The Court finds that Harvey has failed to produce evidence that his three contentions actually resulted in the assessment of erroneous penalties against him. Additionally, Harvey seems to concede that his contentions merely "call into question the reliability of all transcripts and in turn, all notices of federal tax liens in question with civil penalties listed."[63] Furthermore, Harvey has failed to rebut the presumption of valid assessment and notice routinely accorded Certificates of Assessments and Payment in the Fifth Circuit.

         In contrast, the Government has submitted Certificates of Assessments and Payment for all of Harvey's income tax liabilities and Section 6702 penalties, [64] which were prepared under seal and have been held to be admissible under the Federal Rules of Evidence.[65] For instance, the Fifth Circuit has held that, "[a] Certificate of Assessments and Payment... has been held to be presumptive proof of a valid assessment where the taxpayer has produced no evidence to counterthat presumption."[66] The Government has also submitted a Declaration made by IRS Technical Services Advisor Kathryn F. Cromwell ("IRS Technical Advisor Cromwell") in which she attests to the validity of the assessments made by the IRS including the issuance of proper notice and demand for payment regarding each assessment.[67]

         Accordingly, the Court finds that no reasonable juror could conclude that the tax liability assessed against Harvey by the IRS was invalid. Rather, the record evidence clearly establishes the validity of such assessments, including the Section 6702 penalty assessments for frivolous tax submission. Therefore, the Court finds that Harvey's challenges to the validity of the assessments lack merit and shall be denied.

         C. Section 7432: Failure to Release Tax Lien Claim

         In his original Complaint, Harvey asserted a claim under 26 U.S.C. § 7432, which waives governmental sovereign immunity and creates a civil action in instances where "any officer or employee of the Internal Revenue Service knowingly, or by reason of negligence, fails to release a lien under Section 6325 on property of the taxpayer...."[68]Aside from challenging the underlying validity of the assessments made by the IRS, which the Court has previously addressed, Harvey's Section 7432 claim focuses on three NFTLs that he alleges the IRS failed to release after the liabilities had been satisfied: (1) the NFTL filed on February 3, 2009 (for Harvey's 2005 and 2006 income tax liabilities and a tax submission penalty for 2004); (2) the NFTL filed on September 21, 2012 (for Harvey's 2007, 2009, and 2010 tax income liabilities and tax submission penalties for 2006, 2007, 2008, and 2009); and (3) the NFTL also filed on September 21, 2012 (for Harvey's tax submission penalty for 2010). The Government asserts that Harvey's claims are either time barred by the applicable statute of limitations, or that he has failed to establish damages.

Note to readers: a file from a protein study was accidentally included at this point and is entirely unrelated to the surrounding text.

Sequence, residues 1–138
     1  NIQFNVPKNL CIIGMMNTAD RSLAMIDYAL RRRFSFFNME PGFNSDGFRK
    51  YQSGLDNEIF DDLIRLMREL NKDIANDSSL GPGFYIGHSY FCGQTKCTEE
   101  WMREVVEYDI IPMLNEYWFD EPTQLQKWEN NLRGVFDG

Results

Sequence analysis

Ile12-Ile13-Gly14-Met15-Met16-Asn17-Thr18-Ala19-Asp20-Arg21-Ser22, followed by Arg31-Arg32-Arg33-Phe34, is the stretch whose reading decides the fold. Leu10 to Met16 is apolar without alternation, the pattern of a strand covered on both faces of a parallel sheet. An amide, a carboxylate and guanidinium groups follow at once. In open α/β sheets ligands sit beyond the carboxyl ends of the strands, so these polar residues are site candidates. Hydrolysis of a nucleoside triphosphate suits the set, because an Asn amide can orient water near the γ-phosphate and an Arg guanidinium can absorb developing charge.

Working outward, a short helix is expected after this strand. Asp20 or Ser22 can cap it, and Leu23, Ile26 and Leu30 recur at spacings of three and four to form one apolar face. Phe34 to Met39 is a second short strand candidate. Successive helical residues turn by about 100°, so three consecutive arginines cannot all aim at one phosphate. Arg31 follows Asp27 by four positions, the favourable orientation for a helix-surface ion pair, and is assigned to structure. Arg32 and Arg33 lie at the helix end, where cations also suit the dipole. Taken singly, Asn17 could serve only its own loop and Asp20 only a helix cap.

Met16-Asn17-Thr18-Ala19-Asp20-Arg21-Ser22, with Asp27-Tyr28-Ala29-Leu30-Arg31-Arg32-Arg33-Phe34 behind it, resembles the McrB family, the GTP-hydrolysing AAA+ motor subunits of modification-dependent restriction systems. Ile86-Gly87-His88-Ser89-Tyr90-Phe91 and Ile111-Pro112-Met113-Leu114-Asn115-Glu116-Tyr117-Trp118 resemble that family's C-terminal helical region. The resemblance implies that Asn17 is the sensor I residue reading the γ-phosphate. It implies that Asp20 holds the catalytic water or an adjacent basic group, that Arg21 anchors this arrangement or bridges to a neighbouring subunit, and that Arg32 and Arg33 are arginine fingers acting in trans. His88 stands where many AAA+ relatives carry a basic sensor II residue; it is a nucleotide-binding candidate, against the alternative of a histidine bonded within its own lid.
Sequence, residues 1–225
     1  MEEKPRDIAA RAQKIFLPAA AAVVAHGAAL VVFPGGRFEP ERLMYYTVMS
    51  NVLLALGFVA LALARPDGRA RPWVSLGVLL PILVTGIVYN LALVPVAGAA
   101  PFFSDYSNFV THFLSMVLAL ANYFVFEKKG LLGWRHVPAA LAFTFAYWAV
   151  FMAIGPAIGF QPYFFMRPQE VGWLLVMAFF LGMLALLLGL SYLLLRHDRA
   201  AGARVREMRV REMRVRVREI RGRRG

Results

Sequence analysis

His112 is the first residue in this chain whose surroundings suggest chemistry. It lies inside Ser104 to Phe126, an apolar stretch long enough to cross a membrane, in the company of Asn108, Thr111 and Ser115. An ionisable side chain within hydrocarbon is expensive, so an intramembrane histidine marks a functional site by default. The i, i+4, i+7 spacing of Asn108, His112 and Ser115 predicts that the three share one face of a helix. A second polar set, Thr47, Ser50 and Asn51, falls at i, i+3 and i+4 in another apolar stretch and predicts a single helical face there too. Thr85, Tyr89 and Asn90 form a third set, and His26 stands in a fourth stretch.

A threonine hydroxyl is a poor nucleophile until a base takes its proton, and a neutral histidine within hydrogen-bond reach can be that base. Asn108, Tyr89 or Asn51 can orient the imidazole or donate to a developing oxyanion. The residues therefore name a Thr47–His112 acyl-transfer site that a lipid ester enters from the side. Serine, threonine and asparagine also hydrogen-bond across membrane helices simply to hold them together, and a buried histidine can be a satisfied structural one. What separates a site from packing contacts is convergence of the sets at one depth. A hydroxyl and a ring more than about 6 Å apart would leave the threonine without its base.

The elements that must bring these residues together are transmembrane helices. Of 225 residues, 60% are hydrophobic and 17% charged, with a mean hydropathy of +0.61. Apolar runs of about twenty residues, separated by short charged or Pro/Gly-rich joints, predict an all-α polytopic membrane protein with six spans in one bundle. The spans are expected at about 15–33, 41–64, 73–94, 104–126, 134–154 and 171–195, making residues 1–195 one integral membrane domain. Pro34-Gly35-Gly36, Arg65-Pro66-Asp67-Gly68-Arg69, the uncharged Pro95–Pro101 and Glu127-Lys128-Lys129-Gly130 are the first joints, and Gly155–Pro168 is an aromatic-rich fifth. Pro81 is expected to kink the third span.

Under 26 U.S.C. § 6325, the IRS is required to release a lien no later than thirty (30) days after determining that the liabilities listed on the lien have been entirely satisfied or have become legally unenforceable.[69] While the release of a lien by the IRS is automatic once all liabilities listed on a NFTL have been satisfied, a certificate of release must be requested by the taxpayer in situations where the NFTL lists tax liabilities and/or penalties from multiple tax years and only some of the liabilities and/or penalties have been satisfied.[70]

         In order to successfully prove a claim for failure to release a federal tax lien under 26 U.S.C. § 7432, a plaintiff must show that an officer or employee of the IRS knowingly or negligently failed to release a lien after 30 days even though (1) the liability on the lien had been satisfied; (2) the lien was legally unenforceable; or (3) the plaintiff furnished a bond that was accepted by the IRS conditioned upon the payment of the amount covered by the liens.[71] To recover damages under this section, a plaintiff must also prove actual, direct economic damages, "which, but for the actions of the defendant, " in negligently failing to release the lien, would not have been sustained.[72]